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Fig. 1: Entrance to the Goya Graveur exhibition

Fig. 1. Entrance to the Goya Graveur exhibition, Petit Palais, Musée des Beaux Arts de la Ville de Paris. Photography: Yvonne Weisberg & Petit Palais

Fig. 2: Detail: Entrance to the Goya Graveur exhibition

Fig. 2. Detail: Entrance to the Goya Graveur exhibition, Petit Palais. Photography: Yvonne Weisberg & Petit Palais

Goya Graveur
Petit Palais, Musée des Beaux-Arts de la Ville de Paris
13 March, 2008–13 June 2008


Almost thirty years after the Petit Palais hosted its first exhibition of Goya's prints, this newly renovated museum outdid itself with one of the most captivating shows in Paris during the spring and summer season. The unusually long lines that trailed from its entrance are quite commonplace across the street at the Grand Palais, where the Marie Antoinette exhibit was on display, but most visitors often skip this smaller museum all together. For Goya Graveur however, both tourists and the intellectual elite came in droves to see not only the works of art, but also their clever and unusual installation (figs. 1, 2). Curated by Maryline Assante di Panzello, Simon Andre-Duconchat and Juliet Wilson-Bareau, the use of striking colors such as red brick, dark brown, golden yellow and soft blue, taken from the artists’ color palette in his famous painting “Los Fusilamientos del 3 de Mayo” (The Shootings of May 3rd 1808) is more audacious here than in other recent Parisian exhibits and makes for a more rewarding visual experience. The well-known provenance of the pieces also plays a valuable role in attracting visitors as the majority of the prints in the exhibition are from two of the most famous French print collections: the frères Dutuit (Eugène, 1807-1886 and Auguste, 1812-1902) and the legendary fashion millionaire, Jacques Doucet (1853-1929).

Simon Andre-Duconchat, a Ph.D. candidate in art history at the Sorbonne University and one of the main forces behind the conception and creation of the show, pointed out that these two collections have never before been combined. In the 1980s exhibition, Gravures de Goya de la collection Dutuit, the museum focused on its own collection, based primarily on the donation made by the Dutuit brothers who had given an extremely rare first edition of the Tauromaquia series, plus a number of trial proofs, to the Ville de Paris in 1902. Combining these works with Los Desastres de la Guerra et Los Disparates from the Doucet collection, now at the Institut nationale d’histoire de l’art, and a rare series of Los Caprichos from the Bibliothèque nationale, proved to be an innovative approach, enabling the curators to select a much larger presentation of works than ever before, totaling more than 200 prints.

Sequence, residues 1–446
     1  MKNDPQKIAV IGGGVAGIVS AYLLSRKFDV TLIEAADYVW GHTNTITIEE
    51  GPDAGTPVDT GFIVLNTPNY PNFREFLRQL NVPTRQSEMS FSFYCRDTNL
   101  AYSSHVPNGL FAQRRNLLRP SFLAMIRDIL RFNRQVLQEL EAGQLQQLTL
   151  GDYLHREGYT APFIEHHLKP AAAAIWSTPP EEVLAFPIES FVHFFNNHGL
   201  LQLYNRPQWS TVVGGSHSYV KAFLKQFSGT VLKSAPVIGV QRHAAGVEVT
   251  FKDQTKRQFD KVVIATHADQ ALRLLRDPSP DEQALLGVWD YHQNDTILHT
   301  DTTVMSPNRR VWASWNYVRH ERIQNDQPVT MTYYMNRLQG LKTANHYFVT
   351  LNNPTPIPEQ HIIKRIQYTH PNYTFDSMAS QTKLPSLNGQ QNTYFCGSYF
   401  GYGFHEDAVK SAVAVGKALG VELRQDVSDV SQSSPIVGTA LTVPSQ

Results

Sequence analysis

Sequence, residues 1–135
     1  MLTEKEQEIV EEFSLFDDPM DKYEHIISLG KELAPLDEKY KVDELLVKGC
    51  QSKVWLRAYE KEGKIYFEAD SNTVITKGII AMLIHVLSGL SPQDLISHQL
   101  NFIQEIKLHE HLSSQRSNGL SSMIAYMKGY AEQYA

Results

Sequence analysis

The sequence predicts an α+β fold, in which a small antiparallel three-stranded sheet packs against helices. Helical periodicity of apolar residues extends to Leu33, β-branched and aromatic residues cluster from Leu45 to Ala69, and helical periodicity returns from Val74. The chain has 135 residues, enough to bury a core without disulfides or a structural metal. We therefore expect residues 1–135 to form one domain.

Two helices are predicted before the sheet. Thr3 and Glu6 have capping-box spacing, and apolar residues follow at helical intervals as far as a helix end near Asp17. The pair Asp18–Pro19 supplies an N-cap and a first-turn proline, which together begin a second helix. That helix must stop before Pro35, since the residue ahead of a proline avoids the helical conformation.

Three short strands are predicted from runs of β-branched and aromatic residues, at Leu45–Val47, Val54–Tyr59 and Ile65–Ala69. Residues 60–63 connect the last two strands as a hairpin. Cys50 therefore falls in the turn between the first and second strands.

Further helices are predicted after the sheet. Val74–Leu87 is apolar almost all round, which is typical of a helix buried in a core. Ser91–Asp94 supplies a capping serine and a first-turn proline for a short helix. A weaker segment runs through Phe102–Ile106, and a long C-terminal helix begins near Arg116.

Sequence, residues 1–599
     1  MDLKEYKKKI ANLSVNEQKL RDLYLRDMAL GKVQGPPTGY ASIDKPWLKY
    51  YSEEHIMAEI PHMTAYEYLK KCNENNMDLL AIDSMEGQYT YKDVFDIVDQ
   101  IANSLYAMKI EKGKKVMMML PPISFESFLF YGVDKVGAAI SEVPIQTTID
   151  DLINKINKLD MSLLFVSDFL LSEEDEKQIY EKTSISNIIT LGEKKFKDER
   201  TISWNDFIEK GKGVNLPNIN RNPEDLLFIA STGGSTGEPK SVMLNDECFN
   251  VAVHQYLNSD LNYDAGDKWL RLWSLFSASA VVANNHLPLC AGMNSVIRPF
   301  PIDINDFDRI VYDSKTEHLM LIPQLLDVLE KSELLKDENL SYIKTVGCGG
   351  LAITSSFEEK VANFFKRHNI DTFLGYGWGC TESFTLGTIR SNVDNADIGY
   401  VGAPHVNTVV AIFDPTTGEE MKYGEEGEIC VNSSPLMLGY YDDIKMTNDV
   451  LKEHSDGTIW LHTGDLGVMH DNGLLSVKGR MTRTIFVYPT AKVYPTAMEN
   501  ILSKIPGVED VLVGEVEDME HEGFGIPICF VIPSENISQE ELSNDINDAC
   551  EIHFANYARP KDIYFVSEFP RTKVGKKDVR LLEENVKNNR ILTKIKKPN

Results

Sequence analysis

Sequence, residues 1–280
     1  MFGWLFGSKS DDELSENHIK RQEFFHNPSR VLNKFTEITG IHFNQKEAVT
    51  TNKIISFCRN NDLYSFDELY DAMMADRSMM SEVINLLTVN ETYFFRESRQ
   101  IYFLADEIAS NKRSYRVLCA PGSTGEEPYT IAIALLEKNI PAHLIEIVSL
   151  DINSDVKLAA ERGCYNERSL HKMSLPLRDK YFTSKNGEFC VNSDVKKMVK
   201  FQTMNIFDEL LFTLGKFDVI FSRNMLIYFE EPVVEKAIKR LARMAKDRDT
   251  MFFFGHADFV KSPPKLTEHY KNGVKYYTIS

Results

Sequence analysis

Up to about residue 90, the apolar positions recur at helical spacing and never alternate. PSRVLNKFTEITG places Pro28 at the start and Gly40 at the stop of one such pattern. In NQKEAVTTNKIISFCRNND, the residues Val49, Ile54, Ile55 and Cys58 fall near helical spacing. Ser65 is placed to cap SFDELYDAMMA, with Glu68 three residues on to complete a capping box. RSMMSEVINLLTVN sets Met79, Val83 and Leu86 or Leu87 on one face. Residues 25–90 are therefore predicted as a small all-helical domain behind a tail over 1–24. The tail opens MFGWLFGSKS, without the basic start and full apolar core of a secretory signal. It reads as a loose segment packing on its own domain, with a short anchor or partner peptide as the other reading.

For Andre-Duconchat, one of the crucial elements to be noted is the difference in the collectors’ perception of the artist’s work. For Eugène and Auguste Dutuit, Goya's prints were purchased as the chronological conclusion to their collection of eighteenth-century art, whereas Jacques Doucet saw them as a bridge between traditional art and the modern era; when he decided to sell his collection of classic art in order to direct his energy towards the avant garde in 1912, he kept Goya's prints as part of his Cabinet d’estampes modernes of around 10,000 works. With these two complementary collections of Goya's prints, it seemed a natural idea to house the exhibit in the Petit Palais, which was originally built in 1900 for the Exposition Universelle, and was at one time designated to house an official Print Museum. Various collectors participated in donating a variety of works to create a foundation that would offer visitors a comprehensive history of printmaking. The museum opened its doors to the public in 1908, and unfortunately did not survive as an independent entity, but the donations have remained in the museum's holdings ever since.

For this particular exhibit at the Petit Palais, Goya was presented as an artist of la lumière, referring to his use of light, but also to his role as an artist of the Enlightenment. This was an original concept since it was one way of contextualizing the artist and his work while simultaneously attempting to explain how his use of light was symbolically linked to the period in which he was creating. The timing of the exhibit also coincides with the bicentenary of Napoleon’s invasion of Spain and the dramatic events that led the Spanish people into war, as well as the 200th anniversary of Goya's two monumental paintings from May 1808, both of which have now been cleaned and restored. This particular reference was emphasized in the installation through the partial reconstruction of The Massacre of the People in 1808, painted in 1814, which further gave rise to his series of prints, The Disasters of War, which were exhibited in the gallery adjacent to this reconstruction. In the most carefully developed ways, the organizers of the show continually tried to reveal how the prints and social history were interrelated.

Before heading into the darkness of Spain's history and Goya's most famous series, the first rooms of the exhibit were dedicated to his formation as an artist, with Rembrandt, Velazquez and nature as his three main sources of inspiration. In one of the first rooms, a variety of prints by Rembrandt were placed next to some of Goya’s early prints. The bold tonal contrasts in Rembrandt’s Descent from the Cross (1654) call to mind Goya’s use of light and dark, an aspect of his work that may date back to his visits with his friends Ceán Bermudez and Sebastián Martinez, both of whom collected Rembrandt’s prints, although Goya himself owned ten etchings by the artist.

Fig. 3: Installation of Gloire de Velazquez series

Fig. 3. Installation of Gloire de Velázquez series, Petit Palais. Photography: Simon André-Deconchat & Petit Palais

Fig. 4: Gloire de Velazquez, Las Meninas

Fig. 4. Gloire de Velázquez, Las Meninas, 1778-1785. Etching, drypoint retouched with black stone. Petit Palais, Dutuit Collection. Photography: Petit Palais

Fig. 5: Los Caprichos, plate 45: Mucho hay que chupar

Fig. 5. Los Caprichos, plate 45: Mucho hay que chupar, 1799. Etching and aquatint. Bibliothèque Nationale de France, Estampes. Photography: Petit Palais